Spring arrives, heralded by pinkletinks, crocuses … and ticks — followed closely by a flood of pet owners in search of flea and tick control. It’s big business, parasiticides (that means stuff that kills parasites), and the market is inundated with choices. How do you decide which products to use for your menagerie? To decide which options to choose, it helps to learn a little about the lives of fleas and ticks.
Ticks are arthropods, related to mites, scorpions, and spiders. Most species we have here will live on three different hosts during their life cycle. Deer ticks, for example, like mice, then deer, then some third mammal like rodents, dogs, cats, or people. Most species have four developmental stages: egg, larva, nymph, and adult. Larvae and nymphs need a blood meal to molt to the next stage. Ticks will actually gather on vegetation along paths and trails frequented by people and other animals, waiting to be alerted by the warmth, motion, and presence of substances like carbon dioxide in the exhaled breath of their hosts, then hop aboard as they pass. Once on board, ticks attach and start feeding. An adult female can feed for eight to 12 days, engorging to one hundred times her original weight. She mates while still attached to her host, then detaches, and lays anywhere from 100 to 6,000 eggs.
The adult flea is a wingless, six-legged insect that spends the majority of its time living on your cat or dog. It hops but don’t fly. The female flea must bite and take a blood meal before laying her eggs right on Rover. When Rover rolls over, the eggs fall onto his bed, your bed, the carpet, the couch, where they hatch into larvae: nasty, squirmy worms that burrow deep into rugs, between floorboards, anywhere they can wiggle. These larvae live on dander and other organic debris, then spin sticky cocoons, and turn into pupae securely glued to whatever surface they are touching. You can vacuum right over them and not dislodge them. Pupae can remain dormant for extremely long periods of time, waiting for optimum conditions. Like ticks, they recognize the presence of a host by sensing motion, warmth, and carbon dioxide. The pupae then hatch into new adult fleas … who hop onto Rover and start all over again.
Now if you are old, like me, you may think shampoo is what you need. Wrong. Shampoos only kill the parasites currently on Rover, but have no residual effect. As soon as he’s out of the tub, new bugs will happily reinfest him. Old-fashioned powders, sprays, and dips have also been largely replaced by more effective options. For 15 years the market has been dominated by topical products like Frontline and Advantix, to name a few. These are designed so you just pour a small amount of liquid on one or more spots on Rover’s skin along the back once a month. The parasiticide spreads along the oil layer of the skin. Fleas and ticks crawling on the skin are exposed to the product. They don’t need to bite to die. Theoretically, female fleas die before having time to lay eggs, and larvae in the environment die when they consume parasiticide-laden dander that falls off the pet. These topical products, which remain solely on the surface, should not be confused with products like Revolution and Advantage-Multi, which, although applied to the skin in the same way, are actually absorbed into the animal’s bloodstream.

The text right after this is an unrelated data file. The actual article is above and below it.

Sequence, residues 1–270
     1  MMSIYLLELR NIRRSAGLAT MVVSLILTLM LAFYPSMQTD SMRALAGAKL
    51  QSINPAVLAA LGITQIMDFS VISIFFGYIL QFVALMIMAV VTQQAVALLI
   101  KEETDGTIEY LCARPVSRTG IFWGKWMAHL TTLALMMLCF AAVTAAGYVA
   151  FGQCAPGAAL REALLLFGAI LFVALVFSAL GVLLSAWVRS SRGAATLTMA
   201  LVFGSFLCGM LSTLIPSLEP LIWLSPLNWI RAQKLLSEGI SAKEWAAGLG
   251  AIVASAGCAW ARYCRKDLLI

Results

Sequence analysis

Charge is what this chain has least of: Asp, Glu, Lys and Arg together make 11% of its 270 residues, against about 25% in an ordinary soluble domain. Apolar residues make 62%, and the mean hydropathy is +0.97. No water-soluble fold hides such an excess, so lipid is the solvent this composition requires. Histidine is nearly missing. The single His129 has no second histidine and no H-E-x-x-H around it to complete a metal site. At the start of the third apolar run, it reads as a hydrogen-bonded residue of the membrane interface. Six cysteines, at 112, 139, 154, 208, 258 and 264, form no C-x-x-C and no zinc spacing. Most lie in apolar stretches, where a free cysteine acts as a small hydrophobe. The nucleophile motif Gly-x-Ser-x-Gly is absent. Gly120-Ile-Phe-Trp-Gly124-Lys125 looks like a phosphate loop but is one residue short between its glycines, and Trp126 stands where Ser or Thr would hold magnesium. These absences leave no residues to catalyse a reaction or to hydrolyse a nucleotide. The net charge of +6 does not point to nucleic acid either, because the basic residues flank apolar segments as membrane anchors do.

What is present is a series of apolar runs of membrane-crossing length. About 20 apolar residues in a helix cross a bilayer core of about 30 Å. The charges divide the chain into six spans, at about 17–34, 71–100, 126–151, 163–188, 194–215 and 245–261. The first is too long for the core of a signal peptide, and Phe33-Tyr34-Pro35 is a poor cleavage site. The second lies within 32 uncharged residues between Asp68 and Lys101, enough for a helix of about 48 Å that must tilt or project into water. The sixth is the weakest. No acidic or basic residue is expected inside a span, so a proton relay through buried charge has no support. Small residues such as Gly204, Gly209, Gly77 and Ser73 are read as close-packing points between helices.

What about flea and tick collars? Aren’t those also outdated? Not any more. Nowadays collars are available that deliver extremely effective parasiticides by continuous release, spreading along the oil layer on the skin in a similar way to the topicals previously discussed. There is only one kind that is safe for use in cats (Seresto, by Bayer), but multiple options exist for dogs. These collars provide six to eight months of protection against both fleas and ticks, and are great for people who have trouble remembering to apply monthly products. The feline collars are breakaway, for safety, so if your cat tends to undress himself, save your money (though Bayer currently will replace one lost cat collar per family for free.) For dogs who swim, frequent immersion in water may shorten the duration, but they still work pretty well. I avoid collars for families with small children, who might be more likely to touch them a lot, exposing themselves to the chemicals.
In recent years we have seen the advent of more types of oral parasiticides, such as Comfortis, Nexgard, and Bravecto. Each product is slightly different. Comfortis, given monthly, kills fleas but not ticks, and is safe for cats and dogs. Nexgard kills fleas and ticks, but can only be used on dogs. Bravecto only needs to be given every three months, and kills fleas and ticks, but can only be used on dogs. All are extremely effective, and eliminate virtually all human exposure to the parasiticides, but you are giving your pet a systemic medication — putting a long-acting medication into his body instead of just on the surface. On the other hand, the chemicals involved specifically target insect physiology, not mammalian, and have minimal reported side effects. To eliminate fleas in your environment, all the household pets need to be on aggressive flea control. For example, if you give the oral pills to Rover but leave Tom untreated, the cat will be a source for continued infestation and poor Rover will keep getting bitten by the fleas breeding on Tom. And if you give Tom the oral pills, he still needs something topical for tick control if he goes outside.
Discuss the particulars of your household with your veterinarian. What delivery methods best meet your needs and your philosophy? Which make you most comfortable? How much do you want to spend? With so many great choices, your veterinarian should be able to help you select an effective flea and tick control protocol tailored to your needs.